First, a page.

Then he told me a fantastic story.
In 1981, two lads had been hunting wild pigs when they came across old tunnels in a hillside, deep in the forest.
Scattered around were egg-shaped pieces of granite called “quimbaletes” — single pieces of shaped stone with a hole drilled through them on which rests a wooden board. The rocks are rounded on the bottom and act as primitive ore crushers. One person throws ore samples under the egg and a second balanced on top of the egg rocks rhythmically back and forth. I had seen these in Peru where small armies of women were rocking to the music playing in their Sony Walkmans. The Walkmans were new at the time, but the technique dated back well before the Inca. Being indestructible, the quimbaletes were historical evidence of past mining activity wherever found.
The two lads had stumbled across the lost gold settlement of Nambija, and it was rich!
Within one month there were 25,000 artisanal miners on the site, consolidated into 75 shaft-sinking operations. By 2000, the site had yielded 2.7 million oz. gold.
But this was only a fraction of what was produced, since the chaotic, unregulated settlement yielded perhaps three times this much, which vanished into the “mercado negro.”
Nambija had been mined by the Colonial Spanish, and probably originally by the Inca. It had been abandoned in 1603 after a smallpox epidemic killed off the native labour. One historical writer described Nambija as a “poor mine,” no doubt because it was an underground proposition rather than a surface one, which the Spanish preferred.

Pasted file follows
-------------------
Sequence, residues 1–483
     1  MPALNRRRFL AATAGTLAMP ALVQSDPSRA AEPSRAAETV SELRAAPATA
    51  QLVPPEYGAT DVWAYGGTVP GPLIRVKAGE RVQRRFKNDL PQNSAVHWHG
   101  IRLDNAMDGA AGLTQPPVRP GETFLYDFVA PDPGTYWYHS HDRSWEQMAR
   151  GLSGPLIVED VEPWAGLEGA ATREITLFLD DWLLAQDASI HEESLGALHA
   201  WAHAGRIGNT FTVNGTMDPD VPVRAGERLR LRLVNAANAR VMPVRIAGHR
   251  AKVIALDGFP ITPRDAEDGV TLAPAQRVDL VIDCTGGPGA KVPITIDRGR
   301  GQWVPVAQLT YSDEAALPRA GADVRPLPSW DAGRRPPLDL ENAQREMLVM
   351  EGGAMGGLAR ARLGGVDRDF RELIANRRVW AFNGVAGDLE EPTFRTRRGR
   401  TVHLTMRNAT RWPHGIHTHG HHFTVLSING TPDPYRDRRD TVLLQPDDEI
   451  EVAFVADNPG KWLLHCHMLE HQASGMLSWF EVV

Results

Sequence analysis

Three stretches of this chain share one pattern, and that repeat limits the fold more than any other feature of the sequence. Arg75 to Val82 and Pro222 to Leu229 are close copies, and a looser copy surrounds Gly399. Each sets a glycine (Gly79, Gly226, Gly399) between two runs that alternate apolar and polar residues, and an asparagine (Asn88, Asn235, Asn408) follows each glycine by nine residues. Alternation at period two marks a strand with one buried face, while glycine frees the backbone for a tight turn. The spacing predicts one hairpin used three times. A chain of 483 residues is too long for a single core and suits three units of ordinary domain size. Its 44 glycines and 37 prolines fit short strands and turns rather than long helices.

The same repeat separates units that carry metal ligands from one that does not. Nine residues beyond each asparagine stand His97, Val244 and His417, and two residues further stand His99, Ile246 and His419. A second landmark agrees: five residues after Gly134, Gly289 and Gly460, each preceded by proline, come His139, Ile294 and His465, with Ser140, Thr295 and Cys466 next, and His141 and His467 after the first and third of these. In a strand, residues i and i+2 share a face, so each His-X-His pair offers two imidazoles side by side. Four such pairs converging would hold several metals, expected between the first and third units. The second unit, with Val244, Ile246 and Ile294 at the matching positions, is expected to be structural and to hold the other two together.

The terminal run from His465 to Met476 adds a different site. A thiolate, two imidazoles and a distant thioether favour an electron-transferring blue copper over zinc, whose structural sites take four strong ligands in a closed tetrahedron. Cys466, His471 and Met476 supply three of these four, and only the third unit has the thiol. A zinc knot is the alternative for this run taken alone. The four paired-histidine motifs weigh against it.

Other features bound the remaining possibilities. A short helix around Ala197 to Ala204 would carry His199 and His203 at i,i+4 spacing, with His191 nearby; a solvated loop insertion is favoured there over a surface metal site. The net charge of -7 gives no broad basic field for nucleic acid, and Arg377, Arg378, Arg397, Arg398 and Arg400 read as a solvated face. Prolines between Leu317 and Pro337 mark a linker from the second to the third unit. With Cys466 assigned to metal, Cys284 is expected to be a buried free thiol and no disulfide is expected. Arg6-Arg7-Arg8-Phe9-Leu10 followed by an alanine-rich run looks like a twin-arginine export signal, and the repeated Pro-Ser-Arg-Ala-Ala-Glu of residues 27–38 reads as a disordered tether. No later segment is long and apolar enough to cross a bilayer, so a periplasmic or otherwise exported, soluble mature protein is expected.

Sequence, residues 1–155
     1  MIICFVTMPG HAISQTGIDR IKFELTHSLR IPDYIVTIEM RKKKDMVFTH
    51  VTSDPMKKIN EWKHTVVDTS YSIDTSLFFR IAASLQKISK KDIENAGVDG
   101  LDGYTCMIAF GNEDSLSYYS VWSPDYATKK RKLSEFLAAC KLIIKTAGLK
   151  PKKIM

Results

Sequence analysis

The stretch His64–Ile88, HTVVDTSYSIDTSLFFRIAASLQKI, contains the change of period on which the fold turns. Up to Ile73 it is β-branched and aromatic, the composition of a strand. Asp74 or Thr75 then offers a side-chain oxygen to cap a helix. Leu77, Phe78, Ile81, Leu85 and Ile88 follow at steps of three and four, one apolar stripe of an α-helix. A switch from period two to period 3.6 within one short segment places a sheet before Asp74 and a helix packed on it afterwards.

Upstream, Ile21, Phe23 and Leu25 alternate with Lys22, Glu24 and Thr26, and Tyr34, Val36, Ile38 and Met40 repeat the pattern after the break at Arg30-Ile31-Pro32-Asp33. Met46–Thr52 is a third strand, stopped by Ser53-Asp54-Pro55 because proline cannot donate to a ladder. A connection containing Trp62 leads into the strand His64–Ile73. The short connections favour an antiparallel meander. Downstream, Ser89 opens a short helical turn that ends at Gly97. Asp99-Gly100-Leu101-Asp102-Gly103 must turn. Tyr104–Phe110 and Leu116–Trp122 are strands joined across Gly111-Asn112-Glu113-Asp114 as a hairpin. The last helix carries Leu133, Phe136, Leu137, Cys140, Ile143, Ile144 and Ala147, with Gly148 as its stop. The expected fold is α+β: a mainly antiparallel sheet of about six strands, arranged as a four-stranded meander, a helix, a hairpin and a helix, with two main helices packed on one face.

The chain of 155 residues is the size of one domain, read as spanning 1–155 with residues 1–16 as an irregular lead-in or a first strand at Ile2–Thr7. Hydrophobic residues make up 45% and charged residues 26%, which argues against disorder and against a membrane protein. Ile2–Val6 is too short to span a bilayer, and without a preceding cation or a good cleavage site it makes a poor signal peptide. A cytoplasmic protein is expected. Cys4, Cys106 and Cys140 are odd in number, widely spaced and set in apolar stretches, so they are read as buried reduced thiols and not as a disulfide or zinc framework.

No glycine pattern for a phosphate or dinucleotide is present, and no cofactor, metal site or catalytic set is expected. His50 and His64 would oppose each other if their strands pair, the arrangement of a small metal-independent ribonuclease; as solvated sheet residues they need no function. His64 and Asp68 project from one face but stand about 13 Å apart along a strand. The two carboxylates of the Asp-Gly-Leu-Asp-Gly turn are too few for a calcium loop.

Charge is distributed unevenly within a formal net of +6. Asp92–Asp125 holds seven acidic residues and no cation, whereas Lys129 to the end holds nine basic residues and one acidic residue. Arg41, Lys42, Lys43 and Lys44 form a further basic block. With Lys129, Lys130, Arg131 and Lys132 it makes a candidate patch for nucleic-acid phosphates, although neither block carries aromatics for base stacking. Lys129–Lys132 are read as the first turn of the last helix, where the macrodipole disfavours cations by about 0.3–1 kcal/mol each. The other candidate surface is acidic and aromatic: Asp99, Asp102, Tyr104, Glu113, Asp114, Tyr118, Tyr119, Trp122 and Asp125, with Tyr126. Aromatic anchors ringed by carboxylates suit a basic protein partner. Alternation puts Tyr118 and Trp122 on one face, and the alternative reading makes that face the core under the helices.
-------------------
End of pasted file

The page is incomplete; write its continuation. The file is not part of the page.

I had heard about Nambija. In December 1997 Terry Bottrill, my former boss at Battle Mountain Gold, had asked me if I was willing to replace him on a gold project, as he was busy with other things and couldn’t finish his contract.
I went for the interview and was told to be ready to go to Ecuador just after the new year. At a Christmas party I ran into another ex-employee of Battle Mountain, who said to me, “Did you hear about Terry? He was chased off a property by miners with AK-47s! Some place called Nambija.”
Later I heard stories about company helicopters trying to land while illegal miners hurled dynamite sticks at them. (At the time I was mad as hell, but Terry, I’ve forgiven you.)
In 1981 there was no national mining law in Ecuador, and the Nambija area had thousands of peasant squatters.
Later, Placer Dome and Newmont Mining would be given mineral rights by the government. But the artisanal miners were hostile, and, supplied with guns from Colombia, they resisted all attempts at removal.